Sonntag, 27. Januar 2013

The Moon of Skulls by Robert E. howard

The Moon of Skulls

By Robert E. Howard
“Time Lost Series”

Centaur Press

1968. $0.60

                                            My  copy of the Centaur Press  edition.


“The Moon of Skulls: Weird Tales, June & July 1930

“Skulls in the Stars”:  Weird Tales, January 1929

“The Footfalls Within”: Weird Tales, September 1931

I had planned on covering another anthology, but since Mr. Howard’s 107th birthday was this past week the other anthology will have to wait until next Sunday.

Does REH even belong in a blog covering old Horror Paperbacks since he is most famously known for his "Sword&Sorcery” tales? I think yes, since one of the big differences between S&S and “Heroic Fantasy” is a very strong element of supernatural horror running through most S&S tales. And I think that Mr. Howard’s “Solomon Kane” adventures are a perfect example action filled horror stories or if you wish, horror filled action stories. In these stories the genre lines are very blurry.

The character of “Solomon Kane” appeared in 9 stories, 5 fragments and 2 poems all written between 1928 and 1932. The first seven stories were originally published in “Weird Tales Magazine”. The rest were first published during the 1960s.

Solomon Kane is Bob Howard’s 2nd most popular character after “Conan” and some folks would argues that “King Kull of Atlantis” shares 2nd place.  I personally enjoy the Kanes stories much more than the Kull stories.

Solomon Kane was Howard’s 17th Century Sword swinging, pistol firing “Puritan” avenging angel. He was a very busy guy travelling around England, Europe and Africa. Kane was literally a one man arming who spent his life writing wrongs and battling evil, be it human, supernatural or both. Kane has gone up against Pirates, Ghosts, Slavers, Zombies, Demons, Lost civilizations and even Harpies!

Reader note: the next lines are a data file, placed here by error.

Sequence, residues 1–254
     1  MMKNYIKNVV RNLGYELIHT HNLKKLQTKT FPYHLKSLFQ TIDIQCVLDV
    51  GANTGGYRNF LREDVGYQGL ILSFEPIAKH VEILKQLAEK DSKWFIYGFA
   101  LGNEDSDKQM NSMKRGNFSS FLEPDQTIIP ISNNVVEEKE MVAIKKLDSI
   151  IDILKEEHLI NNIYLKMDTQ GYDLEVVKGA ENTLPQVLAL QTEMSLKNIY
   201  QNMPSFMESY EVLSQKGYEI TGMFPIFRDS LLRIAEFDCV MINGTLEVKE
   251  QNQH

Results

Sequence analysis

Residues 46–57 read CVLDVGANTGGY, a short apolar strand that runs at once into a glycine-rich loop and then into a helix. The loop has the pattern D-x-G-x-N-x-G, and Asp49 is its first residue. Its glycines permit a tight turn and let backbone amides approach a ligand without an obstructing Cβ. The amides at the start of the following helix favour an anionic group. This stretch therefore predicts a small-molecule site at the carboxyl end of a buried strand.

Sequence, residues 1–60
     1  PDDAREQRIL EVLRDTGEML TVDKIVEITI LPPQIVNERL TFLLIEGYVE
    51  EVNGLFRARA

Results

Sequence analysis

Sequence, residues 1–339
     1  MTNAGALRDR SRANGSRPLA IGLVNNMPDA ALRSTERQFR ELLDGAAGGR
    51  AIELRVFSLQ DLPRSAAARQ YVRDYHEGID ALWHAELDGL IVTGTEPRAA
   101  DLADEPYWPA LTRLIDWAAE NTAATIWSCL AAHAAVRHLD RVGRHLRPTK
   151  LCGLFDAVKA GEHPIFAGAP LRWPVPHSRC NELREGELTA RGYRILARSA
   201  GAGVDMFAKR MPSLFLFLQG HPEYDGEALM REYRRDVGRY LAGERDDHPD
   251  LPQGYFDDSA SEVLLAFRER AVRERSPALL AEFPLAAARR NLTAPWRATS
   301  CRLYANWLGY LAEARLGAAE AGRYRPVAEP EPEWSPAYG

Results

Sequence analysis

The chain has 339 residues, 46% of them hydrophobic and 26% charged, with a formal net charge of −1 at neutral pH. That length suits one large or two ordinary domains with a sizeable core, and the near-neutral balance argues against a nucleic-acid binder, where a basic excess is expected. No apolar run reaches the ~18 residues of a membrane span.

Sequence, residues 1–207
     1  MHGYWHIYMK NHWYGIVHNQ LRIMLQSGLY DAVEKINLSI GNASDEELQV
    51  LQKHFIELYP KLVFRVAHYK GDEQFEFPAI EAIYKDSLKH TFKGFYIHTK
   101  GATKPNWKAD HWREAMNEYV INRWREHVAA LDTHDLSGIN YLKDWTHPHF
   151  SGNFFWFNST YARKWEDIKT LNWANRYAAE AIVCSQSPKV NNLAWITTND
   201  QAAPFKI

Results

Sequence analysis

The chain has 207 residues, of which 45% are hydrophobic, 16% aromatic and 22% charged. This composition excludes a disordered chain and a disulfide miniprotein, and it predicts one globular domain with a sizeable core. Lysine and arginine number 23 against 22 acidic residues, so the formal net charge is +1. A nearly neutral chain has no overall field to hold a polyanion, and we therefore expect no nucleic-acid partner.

I’m a huge fan of almost everything Mr. Howard wrote. He poured his heart and soul into to every story. Even though he was a working writer pounding out stories every single month from the time he was 18 up until his death at the age of 30, he put so much energy and conviction into every story that you get carried away immediately into every single word. Only god knows what heights he could of reached if he would have had the luxury to take his time with writing and not had to have worried about making a living purely as a Pulp writer. As far as I’m concerned much of his writing transcends pure “Pulpfiction”.  That’s why we are still reading his stories more than 77 years after his death.

Not being a “Howard Scholar” it appears, to me at least, that the qualities that made him “great” were also the things that drove him to take his life at the young age of thirty years. Mr. Howard’s passions were enormous. This meant that his hatreds were as large as his loves. This tends to weigh heavily on many of his tales, filling them with contradictions. He championed the under dog, hated fascism, slavery and injustice. At the same time he could be bigoted or  racist. He would abhor slavery and at the same time champion the superiority of the white race and Anglo culture. To me, this showed the war being raged in his soul. He spent almost the entirety of his life in the small isolated town of “Cross Plains” Texas. He grew up during hard times in a rough world. Our concepts of racial harmony and progressive thinking hardly existed back then, or at least not in popular culture. I think that because of his great passions, inexperience in the wider world and genius, these non-PC traits tend to slap you in the face at times. Depending on how you look at it, it can either harm the story or increase its (misguided) honesty, power and authenticity.

I won’t lie; I can forgive him almost everything. That’s how wonderful these stories are. Had he been a calmer, more open and level headed human being he probably would have been a much lesser writer. It’s seems that there is a very fine line between great artistic genius and self destructive madness.  Mr. Howard walked this very fine line only to finely slip over at the age of thirty.

I like to think that if he had lived longer and moved out into the wider world he might have become a more tolerant and open minded man. That is something that we will never know though.

So that’s the contradiction that was/is Robert Ervin Howard. The things that contributed to his greatness were also a madness that brought about the end of his life far too early.
Now let’s get to those stories.

“The Moon of Skulls”